There can be no greater gift than the Holy Eucharist. Period. End of sentence.
And how do we know this? Because if there were anything greater than God breaking himself to become our bread, he would surely have given it to us. And since it is the gift of himself, never mind the clever disguise beneath the accidents of food and drink, it is the most precious possession we have. Nor can there be any greater hunger and thirst than the desire to feast on his Body and Blood, which comes to us every day in that most stupendous festive event we call the Mass.
Even when we long for goods far less nourishing than the Bread of Life, we surely know in some deep and dim way what we’ve given up, and that we’ve taken a pass on the most priceless offer of all. Why would anyone want to walk away from the very source and summit of the Christian life?
“When my Papa invites me to the seaside” sings Anna-Marie Boudreau from her album Hints and Guesses, “will I go or just fill my silly mudpie?”
An invitation from Christ is far more than an outing at the beach; it is a gift no greater than which can be imagined. Refuse to go and you may well forfeit far more than mere sunshine and sand.
Of course, when Christ comes it is not only in order that we take and eat; he comes also in order that we worship and adore. And nowhere is that fact more stunningly shown than in the Solemnity of Corpus Christi, which represents the sublimest expression of joy and homage humankind can possibly pay to our Eucharistic Lord.
Initiated in 1246 by St. Juliana of Liège (Belgium), it was approved for the whole of Western Christendom by Pope Urban IV in 1264, who drew upon the genius of St. Thomas Aquinas to compose hymns suitable for its observance. Of which Tantum Ergo is certainly the most widely known and sung. Here is the opening stanza:
Down in adoration falling,
Lo! The Sacred Host we hail,
Lo! o’er ancient forms departing
Newer rites of grace prevail;
Faith for all defects supplying,
Where the feeble senses fail.
Ah, yes, the feeble senses. And yet, might not the hymn itself aid in overcoming that particular defect? So that, while the frailties of life in a fallen world will never finally be overcome this side of the grave, nevertheless, the fact that we are lifting our voices to God at all is itself a positive sign. A sign of what exactly? Of Real Presence. Of the fact that Jesus Christ, the Incarnate God, is here among us, enthroned upon the altar; then taken up and carried aloft in solemn procession through the streets that truly belong to him.
Who in his right mind would choose to reverence anything less? Can someone imagine, say, a piece of toast, buttered or otherwise, ceremonially inserted within a monstrance made of gold and silver for all to see? One would have to be an imbecile to fall down and worship a piece of bread. Are we really expected to genuflect before that? If not an imbecile, then certainly an idolater, one who will always settle for something less than God.
“If it’s just a symbol,” to recall the reply given by Flannery O’Connor on hearing Mary McCarthy’s patronizing dismissal of the Eucharist, “then the hell with it!”
How wonderfully full-throated the Church can be on the subject. At the Council of Trent, for example, convoked in the middle of the 16th century to confront the challenges posed by the Protestant revolt, the learned fathers and doctors sought, among other things, to awaken a sense of gratitude concerning the Eucharist, the celebration of which defines our identity as Catholics.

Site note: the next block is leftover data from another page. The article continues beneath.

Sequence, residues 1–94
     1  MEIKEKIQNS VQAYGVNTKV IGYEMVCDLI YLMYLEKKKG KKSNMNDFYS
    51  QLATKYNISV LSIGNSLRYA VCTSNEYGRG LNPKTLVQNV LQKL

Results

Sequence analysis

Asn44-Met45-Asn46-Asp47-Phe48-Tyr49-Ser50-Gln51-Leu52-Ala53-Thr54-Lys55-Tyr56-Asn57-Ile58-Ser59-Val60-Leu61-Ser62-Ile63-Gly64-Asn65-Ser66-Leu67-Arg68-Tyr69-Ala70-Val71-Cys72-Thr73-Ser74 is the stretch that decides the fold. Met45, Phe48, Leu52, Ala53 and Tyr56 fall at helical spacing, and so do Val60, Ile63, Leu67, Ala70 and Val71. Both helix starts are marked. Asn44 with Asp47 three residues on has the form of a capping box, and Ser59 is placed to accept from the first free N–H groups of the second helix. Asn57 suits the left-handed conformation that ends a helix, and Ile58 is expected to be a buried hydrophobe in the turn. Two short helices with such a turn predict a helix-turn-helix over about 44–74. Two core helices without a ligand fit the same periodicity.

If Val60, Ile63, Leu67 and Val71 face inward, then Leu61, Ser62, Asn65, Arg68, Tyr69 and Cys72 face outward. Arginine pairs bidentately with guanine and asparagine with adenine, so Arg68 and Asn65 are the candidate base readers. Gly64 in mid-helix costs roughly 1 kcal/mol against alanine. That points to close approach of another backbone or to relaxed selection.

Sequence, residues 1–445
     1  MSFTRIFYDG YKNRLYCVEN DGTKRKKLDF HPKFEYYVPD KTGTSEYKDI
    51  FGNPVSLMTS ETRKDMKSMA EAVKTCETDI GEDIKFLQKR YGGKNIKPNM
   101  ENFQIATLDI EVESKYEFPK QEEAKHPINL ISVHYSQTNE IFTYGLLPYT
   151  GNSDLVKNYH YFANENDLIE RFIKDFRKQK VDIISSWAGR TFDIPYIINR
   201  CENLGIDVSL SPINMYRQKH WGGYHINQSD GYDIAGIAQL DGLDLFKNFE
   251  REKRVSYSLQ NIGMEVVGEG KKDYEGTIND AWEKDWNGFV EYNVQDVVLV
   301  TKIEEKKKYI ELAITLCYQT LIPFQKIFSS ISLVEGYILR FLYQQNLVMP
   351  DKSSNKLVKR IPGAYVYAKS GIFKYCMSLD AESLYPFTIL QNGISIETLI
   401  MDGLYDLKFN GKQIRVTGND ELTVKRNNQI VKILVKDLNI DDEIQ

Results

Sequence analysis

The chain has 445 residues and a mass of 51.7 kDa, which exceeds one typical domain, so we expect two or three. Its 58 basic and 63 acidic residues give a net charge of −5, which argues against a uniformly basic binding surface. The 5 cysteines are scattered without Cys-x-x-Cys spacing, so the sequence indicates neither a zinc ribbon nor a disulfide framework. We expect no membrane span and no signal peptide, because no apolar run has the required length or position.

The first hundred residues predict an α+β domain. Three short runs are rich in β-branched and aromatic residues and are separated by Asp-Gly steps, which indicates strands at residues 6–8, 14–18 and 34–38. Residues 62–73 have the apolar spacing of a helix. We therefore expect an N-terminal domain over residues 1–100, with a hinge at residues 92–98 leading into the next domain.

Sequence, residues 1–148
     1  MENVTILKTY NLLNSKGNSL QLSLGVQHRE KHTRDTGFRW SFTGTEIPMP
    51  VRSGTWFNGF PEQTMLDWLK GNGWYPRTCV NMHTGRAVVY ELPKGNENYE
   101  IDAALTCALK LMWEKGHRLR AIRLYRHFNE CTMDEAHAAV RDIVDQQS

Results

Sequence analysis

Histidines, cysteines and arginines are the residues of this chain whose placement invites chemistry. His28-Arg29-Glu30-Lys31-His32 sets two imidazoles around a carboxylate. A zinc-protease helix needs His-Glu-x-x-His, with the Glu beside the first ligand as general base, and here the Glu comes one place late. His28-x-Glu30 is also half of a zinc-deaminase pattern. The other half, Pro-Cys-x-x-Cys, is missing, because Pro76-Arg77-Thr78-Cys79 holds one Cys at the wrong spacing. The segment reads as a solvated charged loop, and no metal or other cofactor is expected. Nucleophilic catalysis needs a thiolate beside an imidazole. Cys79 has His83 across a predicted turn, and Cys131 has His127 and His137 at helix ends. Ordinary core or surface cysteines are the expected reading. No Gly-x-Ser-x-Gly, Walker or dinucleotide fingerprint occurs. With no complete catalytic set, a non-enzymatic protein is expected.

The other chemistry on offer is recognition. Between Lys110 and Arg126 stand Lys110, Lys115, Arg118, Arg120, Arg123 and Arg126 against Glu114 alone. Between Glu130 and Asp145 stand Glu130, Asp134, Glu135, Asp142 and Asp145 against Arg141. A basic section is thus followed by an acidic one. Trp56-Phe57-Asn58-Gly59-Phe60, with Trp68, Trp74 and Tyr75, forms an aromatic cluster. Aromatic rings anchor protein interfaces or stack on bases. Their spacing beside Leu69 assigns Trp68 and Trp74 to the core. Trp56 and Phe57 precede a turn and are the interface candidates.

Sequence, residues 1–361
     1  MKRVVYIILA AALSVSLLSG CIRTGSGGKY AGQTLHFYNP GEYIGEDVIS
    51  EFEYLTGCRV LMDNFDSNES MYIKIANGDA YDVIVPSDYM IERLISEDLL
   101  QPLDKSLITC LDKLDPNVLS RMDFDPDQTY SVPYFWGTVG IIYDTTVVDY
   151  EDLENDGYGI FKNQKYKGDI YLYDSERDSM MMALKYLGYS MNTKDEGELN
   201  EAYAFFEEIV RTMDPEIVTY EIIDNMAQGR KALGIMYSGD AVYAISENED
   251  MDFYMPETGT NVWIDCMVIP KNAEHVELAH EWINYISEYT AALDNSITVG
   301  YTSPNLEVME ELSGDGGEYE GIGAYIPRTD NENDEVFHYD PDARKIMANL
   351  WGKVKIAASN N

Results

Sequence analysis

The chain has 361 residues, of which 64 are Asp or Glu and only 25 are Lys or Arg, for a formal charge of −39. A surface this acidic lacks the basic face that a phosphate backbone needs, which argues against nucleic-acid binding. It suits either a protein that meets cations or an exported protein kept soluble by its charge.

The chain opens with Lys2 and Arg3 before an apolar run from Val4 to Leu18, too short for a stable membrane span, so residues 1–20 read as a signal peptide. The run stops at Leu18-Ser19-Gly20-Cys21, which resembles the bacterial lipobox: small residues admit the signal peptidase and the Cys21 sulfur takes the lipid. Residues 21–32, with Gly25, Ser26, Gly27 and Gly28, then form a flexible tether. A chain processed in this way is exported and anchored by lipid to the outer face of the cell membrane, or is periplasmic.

And what it is that we celebrate? Nothing less than Christ’s conquest of sin and death, which brings us the certainty of salvation, provided, of course, that we avail ourselves of it. We must not forget that fact, which is why Trent, in its repeated insistence upon the outward aspect of the feast, the sheer monstration of Christ’s presence among us, hoped that by so dramatizing the truth of Christ’s victory in public procession, “that in the face of such magnificence and such joy on the part of the whole Church, the enemies of the truth will either fade away or, stricken with shame, attain to insight.”
And while it was not to be, at least not yet, that large swaths of the Protestant world would simply lay down their arms and, beguiled by the beauty of the feast, return to the bosom of Mother Church. Still, the point needed to be made, which is that our connection to God, to Jesus his Son, is not defined by the inward attraction alone; it requires external, processional expression as well. How are we ever to convince an indifferent world that Christ matters if he never leaves the church, if we keep him tucked away in the tabernacle as though his appearances were to be limited to brief Sunday showings?
That is not the logic on which divine revelation rests. Faith was never intended only for the fastidious few, but for the unwashed many — the whole world, in fact. Christ longs to occupy the entire stage on which we live and move, extending his presence to the very ends of the cosmos itself. The human adventure, if it is to be redeemed at all, cannot exclude a single square inch of the universe, which means the public life since Christ came to consecrate all that pertains to man.
So, for the sake of one afternoon in early June when, spilling out from the pews of the parish, Christ is carried into the streets of the city for which he too has died, why don’t we follow along in joyful procession with our king?